Sure, but paradigms shouldn't be thrown out because the model is off a bit -- which is what the blogger you posted is implying should be done. What is 'false' is a socially produced category -- how far 'off' does your model have to be before you decide the model is 'false', or just needs to be tinkered with? My impression is that skeptics make that window of 'non-falseness' very small given that, as you say, science is an iterative process. I should be up front and say that my sympathies are with these scientists, who have to work in a highly-politicized environment that prevents them from being as open and transparent as they perhaps would like to be. E.g., the kind of environment where people hack their email accounts.

I answered:

The degree of falsity is relevant to the total relevant data. And what creeps me out about the 3000+ documents that were hacked is that the relevant data are considered "relevant" precisely by being filtered through a regnant model. Kuhnian cognitive dissonance only lasts so long and these documents indicate just how conscious some of that dissonance has become. Referring to the larger background of the "peer-reviewed" consensus misses the point in this kerfuffle, since the emails indicate just how much of a wax nose "peer review" is. I feel for the scientists too, but not so much that I condone blatant confabulation in key modeling. The woes of being hacked remind me of the woes an adulterous husband feels when he finds out his wife had his phone tapped. I'm perfectly willing to accept the idea in principle that AGW is true, but so far I am unconvinced on empirical grounds and the latest "apocalypse" only weakens my confidence.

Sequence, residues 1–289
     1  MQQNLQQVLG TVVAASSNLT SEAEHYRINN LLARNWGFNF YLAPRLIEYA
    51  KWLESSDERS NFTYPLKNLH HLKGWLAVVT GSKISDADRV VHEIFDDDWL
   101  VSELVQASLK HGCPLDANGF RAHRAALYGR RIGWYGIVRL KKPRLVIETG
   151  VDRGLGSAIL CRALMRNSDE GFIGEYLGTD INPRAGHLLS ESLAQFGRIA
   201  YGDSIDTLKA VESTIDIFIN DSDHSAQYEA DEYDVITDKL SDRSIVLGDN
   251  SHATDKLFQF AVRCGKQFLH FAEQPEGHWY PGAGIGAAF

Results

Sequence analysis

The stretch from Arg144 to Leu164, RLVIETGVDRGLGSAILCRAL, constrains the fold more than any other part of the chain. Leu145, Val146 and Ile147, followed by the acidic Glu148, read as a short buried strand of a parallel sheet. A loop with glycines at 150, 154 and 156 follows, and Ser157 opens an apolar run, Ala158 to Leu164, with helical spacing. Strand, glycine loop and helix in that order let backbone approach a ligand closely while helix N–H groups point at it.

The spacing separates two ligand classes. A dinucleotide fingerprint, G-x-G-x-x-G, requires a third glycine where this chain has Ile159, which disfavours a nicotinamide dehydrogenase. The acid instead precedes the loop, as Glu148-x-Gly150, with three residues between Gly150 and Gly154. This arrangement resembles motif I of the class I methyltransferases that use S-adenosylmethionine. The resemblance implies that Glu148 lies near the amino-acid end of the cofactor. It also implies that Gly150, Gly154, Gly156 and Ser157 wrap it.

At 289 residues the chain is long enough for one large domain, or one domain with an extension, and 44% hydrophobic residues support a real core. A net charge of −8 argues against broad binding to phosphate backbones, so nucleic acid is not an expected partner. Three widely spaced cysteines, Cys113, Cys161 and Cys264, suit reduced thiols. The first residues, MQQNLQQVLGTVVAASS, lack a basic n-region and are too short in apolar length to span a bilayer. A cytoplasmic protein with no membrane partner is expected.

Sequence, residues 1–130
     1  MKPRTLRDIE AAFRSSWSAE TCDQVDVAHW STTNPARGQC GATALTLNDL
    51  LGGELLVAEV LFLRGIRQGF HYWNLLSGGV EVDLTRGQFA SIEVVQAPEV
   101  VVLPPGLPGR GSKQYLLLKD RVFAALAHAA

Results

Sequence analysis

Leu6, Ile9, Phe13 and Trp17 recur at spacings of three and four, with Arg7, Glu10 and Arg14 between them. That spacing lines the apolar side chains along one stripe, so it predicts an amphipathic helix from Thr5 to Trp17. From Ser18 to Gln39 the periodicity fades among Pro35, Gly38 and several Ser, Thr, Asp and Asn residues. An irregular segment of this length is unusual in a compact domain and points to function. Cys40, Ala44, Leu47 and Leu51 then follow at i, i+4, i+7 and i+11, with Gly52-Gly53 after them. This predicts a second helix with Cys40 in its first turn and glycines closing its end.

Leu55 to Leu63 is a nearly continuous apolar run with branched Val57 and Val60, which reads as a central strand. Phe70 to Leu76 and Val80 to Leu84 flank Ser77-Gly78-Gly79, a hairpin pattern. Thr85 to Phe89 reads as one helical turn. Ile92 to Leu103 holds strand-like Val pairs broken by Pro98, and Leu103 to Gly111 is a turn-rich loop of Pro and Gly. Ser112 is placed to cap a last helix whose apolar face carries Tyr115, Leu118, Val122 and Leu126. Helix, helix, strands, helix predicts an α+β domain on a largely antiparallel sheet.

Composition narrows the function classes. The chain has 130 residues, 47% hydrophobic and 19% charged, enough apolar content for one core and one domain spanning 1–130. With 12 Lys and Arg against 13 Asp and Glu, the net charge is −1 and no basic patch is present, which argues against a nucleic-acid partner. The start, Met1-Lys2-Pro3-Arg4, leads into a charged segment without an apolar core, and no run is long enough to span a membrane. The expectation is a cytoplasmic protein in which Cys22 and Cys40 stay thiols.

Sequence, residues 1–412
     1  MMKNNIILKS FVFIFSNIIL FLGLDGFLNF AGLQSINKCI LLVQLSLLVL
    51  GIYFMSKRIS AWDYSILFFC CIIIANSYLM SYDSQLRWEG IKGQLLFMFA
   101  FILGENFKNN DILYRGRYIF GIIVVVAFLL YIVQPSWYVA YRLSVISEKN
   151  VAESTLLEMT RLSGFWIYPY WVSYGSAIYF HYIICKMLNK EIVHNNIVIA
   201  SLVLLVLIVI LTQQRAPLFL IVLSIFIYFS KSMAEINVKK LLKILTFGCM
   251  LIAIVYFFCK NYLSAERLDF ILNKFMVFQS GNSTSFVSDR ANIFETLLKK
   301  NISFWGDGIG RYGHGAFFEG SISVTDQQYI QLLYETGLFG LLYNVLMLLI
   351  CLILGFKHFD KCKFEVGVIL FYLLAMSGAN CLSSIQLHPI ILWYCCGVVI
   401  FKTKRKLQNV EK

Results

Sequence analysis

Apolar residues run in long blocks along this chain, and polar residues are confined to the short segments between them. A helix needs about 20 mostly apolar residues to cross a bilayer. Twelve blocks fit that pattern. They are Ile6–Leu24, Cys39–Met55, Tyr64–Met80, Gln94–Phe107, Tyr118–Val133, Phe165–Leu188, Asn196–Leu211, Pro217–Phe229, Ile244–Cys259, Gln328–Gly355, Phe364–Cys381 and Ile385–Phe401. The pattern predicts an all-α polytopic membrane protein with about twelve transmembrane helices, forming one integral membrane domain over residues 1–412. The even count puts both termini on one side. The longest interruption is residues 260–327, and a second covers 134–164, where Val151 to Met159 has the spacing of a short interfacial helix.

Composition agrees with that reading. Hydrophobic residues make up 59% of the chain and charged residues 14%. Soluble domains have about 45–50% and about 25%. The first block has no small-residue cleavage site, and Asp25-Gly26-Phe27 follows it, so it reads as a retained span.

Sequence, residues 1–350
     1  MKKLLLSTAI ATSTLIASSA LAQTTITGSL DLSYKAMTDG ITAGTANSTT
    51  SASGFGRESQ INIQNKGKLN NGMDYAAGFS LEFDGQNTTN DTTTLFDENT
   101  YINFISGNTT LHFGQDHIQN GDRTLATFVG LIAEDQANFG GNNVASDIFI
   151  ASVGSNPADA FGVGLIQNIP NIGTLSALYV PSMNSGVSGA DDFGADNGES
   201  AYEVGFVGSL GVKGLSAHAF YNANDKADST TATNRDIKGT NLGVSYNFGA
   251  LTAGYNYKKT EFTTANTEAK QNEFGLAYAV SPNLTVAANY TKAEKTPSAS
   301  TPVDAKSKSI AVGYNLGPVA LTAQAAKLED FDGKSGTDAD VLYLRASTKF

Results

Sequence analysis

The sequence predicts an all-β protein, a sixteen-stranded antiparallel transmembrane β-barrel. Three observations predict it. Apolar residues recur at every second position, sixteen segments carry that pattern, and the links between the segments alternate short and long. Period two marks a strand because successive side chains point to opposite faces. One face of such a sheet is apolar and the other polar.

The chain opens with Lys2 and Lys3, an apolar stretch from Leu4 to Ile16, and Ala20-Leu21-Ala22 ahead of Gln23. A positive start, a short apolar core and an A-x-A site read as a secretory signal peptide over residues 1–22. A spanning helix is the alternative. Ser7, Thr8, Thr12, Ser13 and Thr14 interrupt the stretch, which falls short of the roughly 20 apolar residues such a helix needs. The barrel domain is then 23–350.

Meanwhile, another friend objected, "Does it matter? Pollution is bad anyway for so many reasons." I replied: